Nickelus F

Nickelus F

If you’re a musician on the rise, time off can often be the enemy. Touring, recording and getting the word out often take precedence, especially in an ultra-competitive world like hip-hop.

Momentum was certainly something Richmond, Virginia-based rapper, producer and songwriter Nickelus F had going for him in the early 2000s. A military brat who spent much of his early years moving around the world, Nickelus latched onto hip-hop at age 9, becoming a student of masters like LL Cool J and Tha Dogg Pound and developing his own uniquely slurred, frantic and raspy flow. 

He got his first break at 17, when he competed in Source magazine’s “Unsigned Hype Emcee Battle,” placing second out of 300 in a competition of unknown rappers. He later became the champion of the BET show 106 & Park’s “Freestyle Friday” competition, where rappers battle one another in front of a studio audience, holding the crown for seven weeks.  

By the mid-2000s, Nickelus had put out multiple mixtapes and collaborated with a score of other hip-hop artists, most notably Drake on the track “AM 2 PM” on Drake’s 2006 mixtape Room For Improvement. 

He was also still working day jobs and trying to make ends meet.

“I was still working like, regular warehouse jobs,” he recalls, “bulls#!t jobs where I was completely disposable, and they could just come in and get rid of me and get somebody else. And I wanted to create some more value for myself and get into a field where my creative properties could have worth.”

Thus, in 2014, in the midst of a busy schedule of recording, collaborating and songwriting, Nickelus F began an undergraduate program at Virginia Commonwealth University, studying advertising. It meant time off from his music career, but for him, it was worth it, both creatively and professionally.

“It taught me everything I needed to know,” he says of his studies. “I guide what I’m doing in my career now and it gives me more control. My first bit of artistic freedom came when I started producing my own music and I was able to create a whole song just off of an emotion or a thought as opposed to building a song around a beat that somebody else already constructed. That gave me a lot of freedom, But now, after studying advertising, if I have a visual idea for a song, I can create that myself. The artwork, an album cover, anything like that, I’m able to do that myself now. And I can do stuff like planning my moves out and building campaigns.”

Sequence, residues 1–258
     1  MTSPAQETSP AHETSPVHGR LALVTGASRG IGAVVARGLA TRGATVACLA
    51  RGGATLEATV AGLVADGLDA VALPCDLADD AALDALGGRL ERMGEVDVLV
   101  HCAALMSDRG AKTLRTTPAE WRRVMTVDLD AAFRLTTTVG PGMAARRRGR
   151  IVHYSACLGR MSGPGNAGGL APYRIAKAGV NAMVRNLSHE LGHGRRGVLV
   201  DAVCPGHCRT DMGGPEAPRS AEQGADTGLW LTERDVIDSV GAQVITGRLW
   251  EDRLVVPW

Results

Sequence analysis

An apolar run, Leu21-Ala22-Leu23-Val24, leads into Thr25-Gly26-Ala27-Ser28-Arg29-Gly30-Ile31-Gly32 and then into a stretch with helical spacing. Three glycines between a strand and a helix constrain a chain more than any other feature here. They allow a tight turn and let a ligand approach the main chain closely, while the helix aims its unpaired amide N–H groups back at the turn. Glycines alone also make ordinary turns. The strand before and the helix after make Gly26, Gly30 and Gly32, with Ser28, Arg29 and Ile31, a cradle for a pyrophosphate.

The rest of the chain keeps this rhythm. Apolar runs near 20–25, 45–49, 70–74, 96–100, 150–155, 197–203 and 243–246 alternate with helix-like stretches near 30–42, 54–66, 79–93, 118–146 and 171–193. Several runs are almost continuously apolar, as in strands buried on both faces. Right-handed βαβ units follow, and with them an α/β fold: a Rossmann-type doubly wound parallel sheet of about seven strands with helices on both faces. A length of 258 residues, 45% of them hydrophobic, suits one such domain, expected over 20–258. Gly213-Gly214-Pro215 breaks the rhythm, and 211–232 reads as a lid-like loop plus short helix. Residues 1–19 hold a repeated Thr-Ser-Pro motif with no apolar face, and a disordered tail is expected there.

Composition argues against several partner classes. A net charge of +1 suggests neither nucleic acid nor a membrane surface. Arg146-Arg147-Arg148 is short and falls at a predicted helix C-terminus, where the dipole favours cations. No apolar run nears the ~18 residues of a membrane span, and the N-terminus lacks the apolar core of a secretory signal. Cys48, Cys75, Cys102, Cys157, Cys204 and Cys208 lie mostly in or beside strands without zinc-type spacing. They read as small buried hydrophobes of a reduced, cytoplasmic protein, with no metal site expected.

Nickelus likes the idea of controlling as much of his music as possible, right down to finding the beats for his songs.

“I create my beats the old school way,” he says. “I sample off vinyl. I love going to the record store and checking out the $1 vinyl bin, not really knowing what’s on them and trying to find that good sample. I love that, taking these pieces and creating something new with that.”

Since his break (and graduation) Nickelus has released several more collaborative singles with Shawn Kemp (“Trick Dice”) and Namebrand (“Stretch Marks”), among others. In 2018, he released his first full-length mixtape in several years, Stuck. 

There’s an interesting moment on the tape, on a track called “I Ain’t Cried Yet.” Over a woozy, blunted beat, watery rhythm guitar and off-kilter keyboards, the rapper rasps, “I’d sell out in a heartbeat, if the industry liked me.”

It’s a startling moment, but it reflects an ambitious streak in Nickelus — he wants to go from cult-favorite to mainstream star, but only if he can do it his way.

“I’m not satisfied with where I am in the music world,” he offers. “I want more from it. Because I feel like, in terms of my craft and my ability, I’m part of the master class. I feel like there are a lot of emcees out there that are making a lot more money than me that I’m better than in terms of talent and overall ability.”

While he’s trying to continue climbing the music biz ladder with productions, collaborations and songwriting, Nickelus F has also returned to live shows.

“Recording is the planting of the seeds, live performance is like reaping the fruits,” he says. “Recording is like therapy for me, whatever I’m feeling about life at that time. That’s what you send out to the world. You don’t ever really know what’s manifesting until you go out to perform and reap the harvest of all that energy that you put out into the universe.” 

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